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EHang will begin trialing heavy air cargo drones in China

EHang is working on using its passenger drones to deliver heavy air cargo after it received the go-ahead from the Civil Aviation Administration of China (CAAC). EHang will be trailing the concept until enough data is collected to understand if the drones can be used in a larger area.

EHang will be trailing the drones in the city of Taizhou located in Eastern China. EHang’s 216 passenger-grade drone will be allowed to carry a maximum of 150kg (~330 pounds) per flight. The drones will reportedly be flying between islands and the hilltops.

The EHang 216 is capable of flying at a top speed of 130kph (~80mph) and has a cruising speed of around 100kph (~62mph). The 216’s batteries allow the drone to stay in the air for around 21 minutes, and the craft is capable of flying in winds of around 70kph (~43mph). The EHang 216 is built with redundancy in mind to ensure that if anything goes wrong, the drone is still able to land safely.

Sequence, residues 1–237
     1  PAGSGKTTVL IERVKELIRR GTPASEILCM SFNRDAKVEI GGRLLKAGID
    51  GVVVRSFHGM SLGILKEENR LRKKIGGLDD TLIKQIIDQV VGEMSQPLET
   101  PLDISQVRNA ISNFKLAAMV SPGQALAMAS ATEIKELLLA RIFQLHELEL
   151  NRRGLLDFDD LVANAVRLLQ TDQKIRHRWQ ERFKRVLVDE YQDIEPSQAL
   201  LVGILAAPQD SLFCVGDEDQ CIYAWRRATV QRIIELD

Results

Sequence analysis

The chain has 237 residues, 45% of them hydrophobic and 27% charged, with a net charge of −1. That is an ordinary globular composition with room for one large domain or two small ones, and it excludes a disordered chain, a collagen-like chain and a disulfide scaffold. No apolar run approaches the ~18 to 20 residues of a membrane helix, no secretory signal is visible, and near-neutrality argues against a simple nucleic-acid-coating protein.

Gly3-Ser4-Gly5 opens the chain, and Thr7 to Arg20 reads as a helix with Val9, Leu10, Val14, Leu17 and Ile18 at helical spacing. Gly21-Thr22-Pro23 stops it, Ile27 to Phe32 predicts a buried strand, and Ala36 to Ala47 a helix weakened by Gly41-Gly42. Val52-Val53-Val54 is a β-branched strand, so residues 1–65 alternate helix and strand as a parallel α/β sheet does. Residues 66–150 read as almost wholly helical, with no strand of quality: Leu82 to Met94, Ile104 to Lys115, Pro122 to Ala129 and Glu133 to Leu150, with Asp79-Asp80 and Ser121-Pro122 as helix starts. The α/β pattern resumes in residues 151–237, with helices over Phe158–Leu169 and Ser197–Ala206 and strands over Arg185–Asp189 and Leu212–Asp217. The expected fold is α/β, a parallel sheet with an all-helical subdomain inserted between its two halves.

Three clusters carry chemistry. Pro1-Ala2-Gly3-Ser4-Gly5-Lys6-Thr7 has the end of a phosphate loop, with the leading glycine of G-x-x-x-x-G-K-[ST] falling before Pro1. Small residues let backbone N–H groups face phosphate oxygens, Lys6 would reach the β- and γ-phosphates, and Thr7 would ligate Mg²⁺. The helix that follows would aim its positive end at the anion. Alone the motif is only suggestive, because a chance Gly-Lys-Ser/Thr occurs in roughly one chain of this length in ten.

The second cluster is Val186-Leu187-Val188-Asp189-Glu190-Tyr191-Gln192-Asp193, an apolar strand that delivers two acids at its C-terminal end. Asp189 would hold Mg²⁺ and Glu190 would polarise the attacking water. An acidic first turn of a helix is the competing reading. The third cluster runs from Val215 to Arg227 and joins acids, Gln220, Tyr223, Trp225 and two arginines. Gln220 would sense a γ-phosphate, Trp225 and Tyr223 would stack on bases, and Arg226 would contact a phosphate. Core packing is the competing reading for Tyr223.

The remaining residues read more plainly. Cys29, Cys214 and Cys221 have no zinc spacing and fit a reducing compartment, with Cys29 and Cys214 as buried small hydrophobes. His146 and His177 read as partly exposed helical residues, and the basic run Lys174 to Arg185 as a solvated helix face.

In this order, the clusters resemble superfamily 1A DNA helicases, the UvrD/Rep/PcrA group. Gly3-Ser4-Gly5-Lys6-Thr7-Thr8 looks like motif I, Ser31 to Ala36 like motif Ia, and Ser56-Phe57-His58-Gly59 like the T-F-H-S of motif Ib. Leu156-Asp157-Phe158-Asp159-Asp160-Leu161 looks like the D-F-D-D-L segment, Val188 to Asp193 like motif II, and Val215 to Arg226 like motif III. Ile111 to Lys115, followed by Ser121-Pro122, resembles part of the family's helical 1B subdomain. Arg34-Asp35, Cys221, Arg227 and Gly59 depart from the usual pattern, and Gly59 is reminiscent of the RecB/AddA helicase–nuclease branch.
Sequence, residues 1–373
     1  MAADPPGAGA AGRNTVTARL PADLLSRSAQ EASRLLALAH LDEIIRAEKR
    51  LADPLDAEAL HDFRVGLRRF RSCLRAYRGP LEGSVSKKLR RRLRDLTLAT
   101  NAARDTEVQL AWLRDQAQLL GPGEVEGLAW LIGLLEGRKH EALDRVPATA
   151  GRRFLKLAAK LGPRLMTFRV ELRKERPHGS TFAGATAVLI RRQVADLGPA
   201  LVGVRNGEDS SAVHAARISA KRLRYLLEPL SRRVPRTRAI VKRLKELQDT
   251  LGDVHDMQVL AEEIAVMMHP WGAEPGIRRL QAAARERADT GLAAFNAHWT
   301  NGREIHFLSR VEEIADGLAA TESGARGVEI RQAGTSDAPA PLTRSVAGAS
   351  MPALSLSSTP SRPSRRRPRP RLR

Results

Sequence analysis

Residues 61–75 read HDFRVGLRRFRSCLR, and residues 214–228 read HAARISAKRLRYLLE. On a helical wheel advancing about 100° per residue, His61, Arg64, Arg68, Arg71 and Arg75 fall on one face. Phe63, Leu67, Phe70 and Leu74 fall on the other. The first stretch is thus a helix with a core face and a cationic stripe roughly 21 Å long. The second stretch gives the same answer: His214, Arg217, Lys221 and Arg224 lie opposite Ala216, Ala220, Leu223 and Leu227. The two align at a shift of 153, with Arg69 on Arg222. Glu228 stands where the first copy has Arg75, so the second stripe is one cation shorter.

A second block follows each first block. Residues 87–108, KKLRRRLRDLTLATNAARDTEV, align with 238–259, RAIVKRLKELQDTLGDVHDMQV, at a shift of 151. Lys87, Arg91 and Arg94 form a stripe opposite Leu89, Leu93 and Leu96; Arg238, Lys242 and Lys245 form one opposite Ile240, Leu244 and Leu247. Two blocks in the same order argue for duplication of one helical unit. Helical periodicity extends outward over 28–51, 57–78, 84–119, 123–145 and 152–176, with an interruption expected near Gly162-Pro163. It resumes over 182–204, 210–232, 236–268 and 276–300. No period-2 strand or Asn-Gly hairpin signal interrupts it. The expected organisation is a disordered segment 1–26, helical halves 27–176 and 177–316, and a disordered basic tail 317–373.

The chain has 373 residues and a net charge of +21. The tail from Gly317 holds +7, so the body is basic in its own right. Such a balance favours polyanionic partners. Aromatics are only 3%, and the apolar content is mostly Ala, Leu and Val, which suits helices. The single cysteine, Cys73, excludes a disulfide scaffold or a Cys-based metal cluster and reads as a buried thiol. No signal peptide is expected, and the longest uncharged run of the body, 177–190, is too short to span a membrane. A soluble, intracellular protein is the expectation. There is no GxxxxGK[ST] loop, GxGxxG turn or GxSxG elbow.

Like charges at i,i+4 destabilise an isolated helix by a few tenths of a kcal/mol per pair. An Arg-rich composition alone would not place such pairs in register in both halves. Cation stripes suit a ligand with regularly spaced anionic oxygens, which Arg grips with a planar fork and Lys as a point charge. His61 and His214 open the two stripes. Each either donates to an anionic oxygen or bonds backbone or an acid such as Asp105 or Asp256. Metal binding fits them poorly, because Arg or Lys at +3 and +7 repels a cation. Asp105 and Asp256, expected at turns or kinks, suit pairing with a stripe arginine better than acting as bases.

EHang hopes that the approval of its logistics drone system will forward the development around the world of similar projects and lays the foundation for regulators to work closely with the company to introduce a “coordinated, supportive, and sustainable regulatory environment.”

Be sure to watch the video below as it shows a few of the safety features of the drone being tested in real time, along with a short message from EHang and CAAC executives.

EHang’s drone hotel

Earlier this month, we shared the news that EHang will be partnering with hotel developer LN Holdings to create a passenger drone hotel for the first time ever. The drones will land on the hotel’s property and take visitors to popular sites around Nansha, Guangzhou, such as the Canton Tower, Beijing Road, and the Pearl River.

What do you think about all that EHang is doing with its drone technology? Let us know in the comments below.

Photo: EHang



Avatar for Josh Spires Josh Spires

Josh started in the drone community in 2012 with a drone news Twitter account. Over the years Josh has gained mass exposure from his aerial photography work and spends his days writing drone content for DroneDJ as well as pursuing his business.